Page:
This is Charlie Poor Story Number Two: In the fullness of time, Charlie was asked to be Director of a Vida Nueva. And, in the interim, my first-born son, Jordan, had grown into his teen age years, and had gone through VN, and had developed the reputation for reliability and energy that is such a solid part of his character. And I was pleased when Charlie called me and said he was returning the favor: he told me he was planning to ask Jordan to be his youth leader, and he was asking for my input. And I gave Charlie the same report: Jordan, like every other teen, had his struggles, but if Charlie asked him to be the youth leader he would do a fantastic job. I had another request to make of Charlie at the time, though. I told him that if did pick Jordan as youth leader, I wanted to be on the team, too, in a position that was directly subordinate to Jordan. I told him I wanted to be able to show Jordan  submission to authority from the other side. Charlie got it. He totally got it. And he made me Head Table Cha, which I knew how to do from seeing Scott perform as a table cha those many years before, and I got a chance to serve under my son, and it was good. I made T-shirts for all the table chas, with a picture of Grover the Muppet on the front, with the caption "Hello Everybodeee! It is I, your lovable furry Table Cha  (name)!" And on the back of the shirts, I had the visual for Charlie's weekend: the eagle soaring.
This is Charlie Poor Story Number Three: When Richie Casey was Tres Dias Rector, he asked Charlie to be Head Dorm Cha, and I was one of the dorm chas. Charlie wanted us to do some skits for the candidates, in addition to cleaning the toilets, which was pretty cool. And I asked if I could make the t-shirts for the dormchas, and we all agreed that was cool. I scrambled the letters of "dorm cha" so each of us chas had a different name (I was Dr. Macho; somebody else was MachRod, I don't remember the others) and as Head Dorm Cha, Charlie got to be Cheddar O'Ham. And the skits we did were funny; the last one had Charlie introduce each of the others in increasing amounts of protective gear, required depending on how awful the conditions were in the bathroom. And at the end, I started screaming outside the conference room, and then staggered in with ripped clothes, yelling for Richie. They had smeared me with about a dozen brownies, leaving big chunks embedded in  my chest hair; and my story was that I had been cleaning a toilet, when there was an explosion in the next stall that had blown me out of the bathroom. And as soon as I finished saying that, Tony Olivastri came in patting his tummy, and saying, "Well, that feels better!" And I screamed "RICHEY!! I NEED A HUG!" and ran toward him, and Richey ran out of the room. It was funny! maybe you had to have been there...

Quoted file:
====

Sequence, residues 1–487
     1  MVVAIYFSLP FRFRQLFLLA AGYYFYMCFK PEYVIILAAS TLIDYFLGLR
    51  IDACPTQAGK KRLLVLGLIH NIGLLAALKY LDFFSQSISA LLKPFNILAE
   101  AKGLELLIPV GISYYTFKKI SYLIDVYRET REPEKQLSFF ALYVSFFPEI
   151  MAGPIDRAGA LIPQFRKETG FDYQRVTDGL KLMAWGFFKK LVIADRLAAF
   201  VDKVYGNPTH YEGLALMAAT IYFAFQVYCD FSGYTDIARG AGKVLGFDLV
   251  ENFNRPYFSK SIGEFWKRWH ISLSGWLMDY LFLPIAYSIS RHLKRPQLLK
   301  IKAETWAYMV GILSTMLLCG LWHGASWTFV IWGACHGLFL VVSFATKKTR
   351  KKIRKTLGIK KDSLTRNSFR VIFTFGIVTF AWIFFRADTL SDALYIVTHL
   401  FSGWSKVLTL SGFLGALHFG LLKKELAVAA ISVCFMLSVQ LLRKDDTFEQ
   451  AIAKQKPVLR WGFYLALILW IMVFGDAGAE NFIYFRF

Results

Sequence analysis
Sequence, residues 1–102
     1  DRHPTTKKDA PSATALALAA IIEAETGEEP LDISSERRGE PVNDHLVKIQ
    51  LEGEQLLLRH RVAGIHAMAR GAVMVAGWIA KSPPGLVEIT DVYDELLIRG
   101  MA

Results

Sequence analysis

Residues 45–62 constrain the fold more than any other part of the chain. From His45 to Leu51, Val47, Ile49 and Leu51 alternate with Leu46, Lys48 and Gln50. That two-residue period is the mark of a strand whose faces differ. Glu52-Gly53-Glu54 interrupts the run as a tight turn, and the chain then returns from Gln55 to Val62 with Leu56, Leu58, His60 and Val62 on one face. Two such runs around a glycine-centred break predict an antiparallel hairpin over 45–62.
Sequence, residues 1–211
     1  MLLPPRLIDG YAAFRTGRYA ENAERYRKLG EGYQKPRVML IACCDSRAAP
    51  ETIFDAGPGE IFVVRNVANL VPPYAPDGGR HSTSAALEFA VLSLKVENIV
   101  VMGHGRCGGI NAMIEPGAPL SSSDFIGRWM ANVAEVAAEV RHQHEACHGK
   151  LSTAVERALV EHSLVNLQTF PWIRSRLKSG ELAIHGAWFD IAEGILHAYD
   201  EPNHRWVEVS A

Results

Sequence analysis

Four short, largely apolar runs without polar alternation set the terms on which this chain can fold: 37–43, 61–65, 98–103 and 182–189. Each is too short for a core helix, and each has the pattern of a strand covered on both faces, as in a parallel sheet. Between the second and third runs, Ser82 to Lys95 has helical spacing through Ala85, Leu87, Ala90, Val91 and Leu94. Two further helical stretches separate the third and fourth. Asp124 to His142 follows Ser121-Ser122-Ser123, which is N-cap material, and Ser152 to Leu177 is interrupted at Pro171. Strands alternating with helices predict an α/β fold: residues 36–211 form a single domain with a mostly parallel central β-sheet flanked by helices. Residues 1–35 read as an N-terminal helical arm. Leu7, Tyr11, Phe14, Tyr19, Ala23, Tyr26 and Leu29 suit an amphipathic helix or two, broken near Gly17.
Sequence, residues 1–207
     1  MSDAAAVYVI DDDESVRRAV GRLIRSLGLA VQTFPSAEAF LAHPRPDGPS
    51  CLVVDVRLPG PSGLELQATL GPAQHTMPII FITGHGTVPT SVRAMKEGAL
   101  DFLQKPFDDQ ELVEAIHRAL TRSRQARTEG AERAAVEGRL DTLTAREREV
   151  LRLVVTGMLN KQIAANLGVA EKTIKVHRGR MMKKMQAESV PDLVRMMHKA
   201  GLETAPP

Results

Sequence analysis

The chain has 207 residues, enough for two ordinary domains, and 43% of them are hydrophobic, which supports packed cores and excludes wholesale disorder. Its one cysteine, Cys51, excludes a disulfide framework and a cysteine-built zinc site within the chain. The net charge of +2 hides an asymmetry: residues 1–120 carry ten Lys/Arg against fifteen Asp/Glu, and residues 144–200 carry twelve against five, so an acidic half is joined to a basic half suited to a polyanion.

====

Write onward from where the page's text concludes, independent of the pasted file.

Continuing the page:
And this is Charlie Poor Story Number Four, and the last: When Charlie was VN Director, he would call the house to speak to Jordan quite often, and if I answered the phone, we'd chat a bit before I passed it to Jordan. One time, I asked him how it was going with the team meeting process, and he told me that it was okay, but that there just seemed to always be somebody who was complaining about something, and form my own experience, I was pretty sure he was talking about adults who had little patience with teens. So I made a suggestion: "Tell 'em to go pound sand up their butt." Charlie busted out laughing. I guess he had never considered doing that. I assured him that it was a useful strategy to keep in mind. And I wrote him a palanca note at the first team meeting with the acronym: GPSUYB. And then for the weekend, I brought him a leather mallet that came from my father's wood shop and a bag of sand, and a note that said "In case it comes up on the weekend, I want you to be prepared to provide the tools." Charlie appreciated it; and though I CANNOT imagine him ever really telling anyone to do that,  I know that if he did, they would receive it in good spirits. So, if you should happen to be looking trough some of the old palanca Charlie picked up over the years, and you find a leather mallet, either cherish it for yourself, or, tell me to come get it, and I will.